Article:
When faced with a long line, other equally impatient patrons, and a hostile attendant, trying on clothes can be one of the most dreaded aspects of shopping. But reverse the situation, and it's retail sales associates who are tasked with having to deal with, well, us. And let's just say, there's no shortage of horror stories, like finding icky surprises left behind (dirty tampons included) and stained clothing (think: bodily fluids). For the sake of common decency, we spoke with sales teams at a host of stores and rounded up a list of what counts as appropriate dressing room behavior.
1. Treat a dressing room as though it's your own bedroom. In other words, treat it with respect. "Don't leave the room trashed; we're not housekeepers," says Allison Huba, an H&M sale advisor, who has found empty cups, food, and glasses left behind. Melanie Gomez, Bloomingdale's lingerie department sales manager, says the grossest, by far, has been stumbling upon a used tampon.
2. The same goes for clothing—treat the clothes like they're your own. "Ask yourself, what would I do with something delicate or something expensive or something beautiful that I own," says stylist Stefany Wohebban who works at the local N.Y.C. boutique Warm. "You don’t throw it on the floor, you don’t leave it off the hanger, or leave it inside out. Bring it back the way it was given to you."
3. Always hang up the clothes you've tried on. "As long as the clothes are back on the hanger, then it's all good," says Bloomingdale's sales associate Shania Banton. "It doesn't matter if they leave it in the fitting room or bring it back out. It doesn't even matter if it's not hung properly, just as long as it is hung." A giant heap of clothes can slow down the process of getting a fitting room ready for the next person, especially for an incredibly busy retailer like H&M that sees a high volume of people and clothing.
4. Limit lengthy phone conversations and mini photo shoots. "If you’re taking a long time because you’re in there taking selfies with no intention of buying anything, then you're wasting everyone’s time," says Andria Bush, the store manager at Warm. If you're not planning to make a purchase, then limit time spent in the dressing room to five minutes, she advises.
5. Make sure your personal hygiene is up to par. "We’ve had people come in after the gym and then try things on," Banton says. "Good hygiene is important. You have to understand if you’re not going to buy it then the next person will. It’s about consideration and having courtesy for the next person who’s going to try it on."
6. Leave your significant other outside. "Don't bring boys in there—it's awkward," says Wohebban. "Even if there's enough room for two doesn't mean it's for two." The rule is stricter when it comes to lingerie dressing rooms: "We're fitting bras, we're opening their doors, girls are coming out in their underwear," Gomez says. "It's not appropriate to have men in that area."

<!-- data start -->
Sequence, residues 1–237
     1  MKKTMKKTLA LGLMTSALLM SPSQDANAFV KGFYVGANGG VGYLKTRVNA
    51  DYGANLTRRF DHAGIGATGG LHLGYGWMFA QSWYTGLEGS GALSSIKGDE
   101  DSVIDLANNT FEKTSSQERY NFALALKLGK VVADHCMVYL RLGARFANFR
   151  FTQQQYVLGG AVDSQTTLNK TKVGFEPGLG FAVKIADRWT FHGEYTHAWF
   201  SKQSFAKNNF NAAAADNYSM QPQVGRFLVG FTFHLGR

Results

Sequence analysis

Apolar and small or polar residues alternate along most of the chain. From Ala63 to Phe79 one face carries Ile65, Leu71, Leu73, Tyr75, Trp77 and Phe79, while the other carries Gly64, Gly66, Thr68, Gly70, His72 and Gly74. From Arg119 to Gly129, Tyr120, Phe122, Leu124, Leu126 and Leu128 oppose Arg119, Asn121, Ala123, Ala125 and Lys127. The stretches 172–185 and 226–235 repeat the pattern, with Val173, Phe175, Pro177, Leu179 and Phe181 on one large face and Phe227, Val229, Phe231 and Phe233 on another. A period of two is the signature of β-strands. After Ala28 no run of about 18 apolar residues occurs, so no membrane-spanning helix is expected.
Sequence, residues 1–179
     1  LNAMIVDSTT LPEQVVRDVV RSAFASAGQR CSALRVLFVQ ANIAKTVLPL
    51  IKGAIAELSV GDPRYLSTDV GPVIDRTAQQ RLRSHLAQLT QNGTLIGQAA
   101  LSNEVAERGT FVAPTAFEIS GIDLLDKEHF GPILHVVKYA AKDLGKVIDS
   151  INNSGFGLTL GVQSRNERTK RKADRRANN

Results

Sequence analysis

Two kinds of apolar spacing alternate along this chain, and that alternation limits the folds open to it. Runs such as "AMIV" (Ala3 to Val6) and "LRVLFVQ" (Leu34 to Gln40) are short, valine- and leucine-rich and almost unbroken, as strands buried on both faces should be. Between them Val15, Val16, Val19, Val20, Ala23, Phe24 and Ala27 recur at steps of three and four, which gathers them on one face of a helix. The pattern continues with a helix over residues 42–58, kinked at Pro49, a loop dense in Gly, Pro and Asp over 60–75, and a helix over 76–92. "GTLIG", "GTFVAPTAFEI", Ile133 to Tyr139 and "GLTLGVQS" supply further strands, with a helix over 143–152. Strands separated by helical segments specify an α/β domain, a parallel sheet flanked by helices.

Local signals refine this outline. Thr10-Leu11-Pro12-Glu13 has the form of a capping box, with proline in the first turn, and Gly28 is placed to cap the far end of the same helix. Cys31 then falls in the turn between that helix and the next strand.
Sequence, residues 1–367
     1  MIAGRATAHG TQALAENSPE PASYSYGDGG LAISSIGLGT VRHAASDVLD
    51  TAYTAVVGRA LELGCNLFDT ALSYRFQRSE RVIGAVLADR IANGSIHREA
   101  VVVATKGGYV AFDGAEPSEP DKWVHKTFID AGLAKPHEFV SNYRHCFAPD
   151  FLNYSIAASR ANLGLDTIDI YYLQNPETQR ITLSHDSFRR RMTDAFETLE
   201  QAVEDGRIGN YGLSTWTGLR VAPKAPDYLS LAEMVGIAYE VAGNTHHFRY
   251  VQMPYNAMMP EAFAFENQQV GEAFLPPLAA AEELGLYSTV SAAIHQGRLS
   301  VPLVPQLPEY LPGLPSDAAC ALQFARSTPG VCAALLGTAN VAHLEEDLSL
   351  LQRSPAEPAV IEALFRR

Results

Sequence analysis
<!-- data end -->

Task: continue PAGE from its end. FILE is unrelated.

7. Don't try on clothes at the last minute. "If you're coming in at 7:55 p.m. when the store closes at 8 p.m., it's not nice," says Bush.
8. Don't treat a fitting room as a restroom. It might seem like a no-brainer, but unfortunately, these accidents happen way more than they should. "We've had people go to the bathroom in the fitting room," Huba says. "We think they do it on purpose when we tell them we don't have a bathroom."
9. Respond to the sales associates when they ask you a question. "I like to ask how people are doing, but then there's nothing," Wohebban says. "I hate that awkward silence."
10. Ask for help when you need a different size. If there's no one around to help, it's fine to quickly hop out wearing the outfit you were trying on, Wohebban says. (At a larger retailer, ask the attendant before you leave the fitting room area.) Just don't walk out in your underwear. "We've had people come out in their bras and start searching," Banton says. "It gives us a bad look."
11. If you accidentally rip the clothes or get makeup on it, own up to it. "Let us know so we can fix it," Wohebban says. "It happens, and then we can take the garment to the dry cleaners."
12. At chain stores, count how many articles of clothing you're planning to try on. "Only seven garments are allowed in a dressing room (it's a security measure), but most of the time, people bring a bag full that they switch out, which is fine," Huba says of H&M's fitting room policy. "But it's annoying when people don't know exactly how many they're trying on, and they expect you to count for them...It slows everything down. Be prepared."
13. Wear underwear when you try on underwear. Always. The same goes for trying on swimsuits. "We've found dirty underwear, and it's disgusting," Gomez says. "We damage it and throw it out."